5 budgets that changed India: From Manmohan Singh’s ‘Epochal Budget’ to Chavan’s ‘Black Budget’; here’s list

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Updated: January 30, 2019 4:46:01 PM

As we are heading close to this year's budget day -- though, an interim one -- we decided to pick five budgets that had a significant impact on India for years.

As we are heading close to this year's budget day -- though, an interim one -- we decided to pick five budgets that had a significant impact on India for years.As we are heading close to this year?s budget day ? though, an interim one ? we decided to pick five budgets that had a significant impact on India for years.

‘I rise to present the Budget’, says Union Finance Minister every year before laying down the financial plan of the government; some were more about allocation to funds, while a few were about announcing decisions that changed the course of India and its economy. As we are heading close to this year’s budget day — though, an interim one — we decided to pick five budgets that had significant impact on India for years.

The Epochal Budget (1991)

Commonly known as ‘The Epochal Budget’, presented by Manmohan Singh in 1991, the budget was presented amid the Indian economic crisis, which marked the beginning on economic liberalisation. Manmohan Singh, under the Narasimha Rao government, overhauled the import-export policy and took measures to make Indian economy more global trade friendly. The customs duty was slashed from peak 220% to 150% and steps were taken to promote exports. Arguably, it was after this budget, India in the next two decades turned out to become one of the fastest growing emerging economies in the world.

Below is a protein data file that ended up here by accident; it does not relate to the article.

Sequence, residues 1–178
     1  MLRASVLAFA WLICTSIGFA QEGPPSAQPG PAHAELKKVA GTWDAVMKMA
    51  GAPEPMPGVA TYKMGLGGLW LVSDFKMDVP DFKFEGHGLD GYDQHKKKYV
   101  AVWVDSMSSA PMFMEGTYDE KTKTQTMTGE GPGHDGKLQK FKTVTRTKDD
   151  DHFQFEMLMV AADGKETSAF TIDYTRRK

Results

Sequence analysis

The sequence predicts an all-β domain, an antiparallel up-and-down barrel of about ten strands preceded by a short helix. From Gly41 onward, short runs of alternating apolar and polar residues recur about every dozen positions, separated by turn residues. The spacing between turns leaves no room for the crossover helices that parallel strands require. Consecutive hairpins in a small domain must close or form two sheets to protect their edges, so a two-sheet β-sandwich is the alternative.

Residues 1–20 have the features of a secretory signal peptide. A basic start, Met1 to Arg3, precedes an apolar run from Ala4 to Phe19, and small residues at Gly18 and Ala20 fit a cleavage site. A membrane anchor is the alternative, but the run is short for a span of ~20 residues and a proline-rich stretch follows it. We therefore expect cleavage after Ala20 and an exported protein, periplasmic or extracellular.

The Black Budget (1973)

The Black Budget is a term used for budgets that allocate fund for secret or classified projects. However, the 1973-74 Budget, presented by Yashwantrao B Chavan got this name due to the high budget deficit, which at the time was Rs 550 crore. In this budget, Chavan allocated Rs 56 crore for nationalisation of coal mines, general insurance companies and Indian Copper Corp. In the years to come, it is argued, the decision had an adverse impact on the productivity of India’s coal production and led to huge dependence on imports to meet domestic demands.

The Dream Budget (1997)

The budget was called the Dream Budget by media because the then Finance Minister under P Chidambaram, under the United Front government, made significant changes to bring down personal income tax and corporate tax. Chidambaram brought down the highest personal income tax rate from 40% to 30%, did away with many surcharges and slashed royalty rates. The lower tax rates helped increase compliance and were welcomed by common people.

The Millenium Budget (2000)

The budget presented in the year 2000 by Yashwant Sinha, and it is said to have revolutionised India’s Information Technology (IT) sector. In this budget, Sinha phased out Manmohan Singh’s incentive on software exporters, which was hailed as a courageous decision by policy experts. His decision to phase out incentives coupled with lower customs duty on 21 items, including computers and CD Roms, for the IT sector, led to the growth of the sector.

The Roll-Back Budget (2002)

Not all budgets are to introduce new plans; at least one budget came to be known for roll-back proposals. The budget presented by Yashwant Sinha became popular as Roll-Back Budget as he, later, rolled-back several of his proposals from service tax to hike in LPG prices under pressure from the opposition.

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